4. No, the party wasn't rested. They walked to the fight straight from the compass. When you get back, the game is like, "oh no, people are dying, we have to get in their and help." It wouldn't feel like much of an RPG if I went and had a pint at the bar before the adventure. All that wouldn't be so bad if the game didn't hide monster statistics and disallow retreat from the map during a fight and disallow retreat when half a dozen monsters are standing on the body of a down but not out comrade. Even all that wouldn't be so bad if on top of it all the game didn't throw curve balls at you. That's my grip - that the game isn't set up for hardcore. Take a game that is for example, Path of Exile. When you are leveling your character up in that game and provided you are pursuing a standard and obvious design, you can FEEL your way through the game. If you are losing too much life, you can advance health. If you need damage, then damage. If the monsters start becoming too hard, you can check your gear, go back to a previous area, party up, and so on and on. It was designed with the hardcore experience in mind. Other than beating the game in regular mode and memorizing everything because it doesn't even change, what can you do in Pillars? The game goes out of its way to be dense.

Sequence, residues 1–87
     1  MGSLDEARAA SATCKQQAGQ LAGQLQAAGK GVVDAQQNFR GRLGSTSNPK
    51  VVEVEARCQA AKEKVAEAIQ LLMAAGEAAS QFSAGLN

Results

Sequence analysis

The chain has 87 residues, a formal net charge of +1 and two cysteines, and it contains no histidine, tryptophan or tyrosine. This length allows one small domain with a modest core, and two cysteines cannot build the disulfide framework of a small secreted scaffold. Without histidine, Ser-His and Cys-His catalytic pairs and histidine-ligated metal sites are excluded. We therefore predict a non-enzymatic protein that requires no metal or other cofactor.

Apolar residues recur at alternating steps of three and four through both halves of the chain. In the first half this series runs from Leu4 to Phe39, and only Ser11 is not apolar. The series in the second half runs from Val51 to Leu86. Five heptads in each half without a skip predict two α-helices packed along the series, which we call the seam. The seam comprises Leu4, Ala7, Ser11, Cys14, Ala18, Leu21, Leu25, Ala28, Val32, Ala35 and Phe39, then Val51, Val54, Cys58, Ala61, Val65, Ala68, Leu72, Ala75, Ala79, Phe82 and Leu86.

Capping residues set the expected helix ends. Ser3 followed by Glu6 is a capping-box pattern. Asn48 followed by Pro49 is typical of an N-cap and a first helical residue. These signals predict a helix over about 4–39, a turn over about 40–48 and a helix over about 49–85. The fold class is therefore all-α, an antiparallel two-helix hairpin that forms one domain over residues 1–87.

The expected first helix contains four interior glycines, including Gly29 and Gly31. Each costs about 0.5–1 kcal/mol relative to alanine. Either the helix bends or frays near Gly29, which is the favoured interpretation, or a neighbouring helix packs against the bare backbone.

5. I got a solid 18 hours out of this game which is about 5 more than I got out of Bioshock Infinite (which was $60) so I'm satisfied. I made 2 or 3 characters to figure out how to play the game, then went with an elven ranger. When I died, at least half of my party was level 5, about 14-15 hours into the game. I was being pretty careful to sweep town centers for quests and thought I was handling what I was coming across pretty well, with one out of area exception I managed to run from (tons of drakes coming from the craters). After a short questline and a battle where I brought some research papers to the compass, I returned to town to find a bunch of clockwork golems of one kind or another had taken over the area. I thought I might be able to walk away from it, but doing so seemed too stupid and disingenuous to the spirit of the game, so I went in to the building and tried to clear it. My party had nothing that I could throw at them. Once I had a party member drop, I was stuck, because of course you know, no man gets left behind. I tried a number of different techniques to split up the enemy, but at the end, I was too low on spells and health and one isolated creature wiped my four remaining characters. So here are my problems with the game for hardcore: Can't retreat from areas during combat. Too many enemies have non-sense run speeds. Can't abandon a party member even when rescue is hopeless. Enemies can't be coaxed around the map AND NPCs won't move to help you. The combination is these silly, isolated battles within earshot of one another. All together, the play feels like I'm in a straight jacket. This game has about zero replay value because everything spawns the exact same way. That's all fine. I was having a ball. I just don't understand why you would bother with a hardcore setting at all when the game is clearly no set up for it without reading spoilers and running from urgent plot points. Like I said, I had a good time with the game. The 15 hours I played continuously with my character were good. I'm just not going to run at this thing again until I look up some mods or something to fix it. Have fun.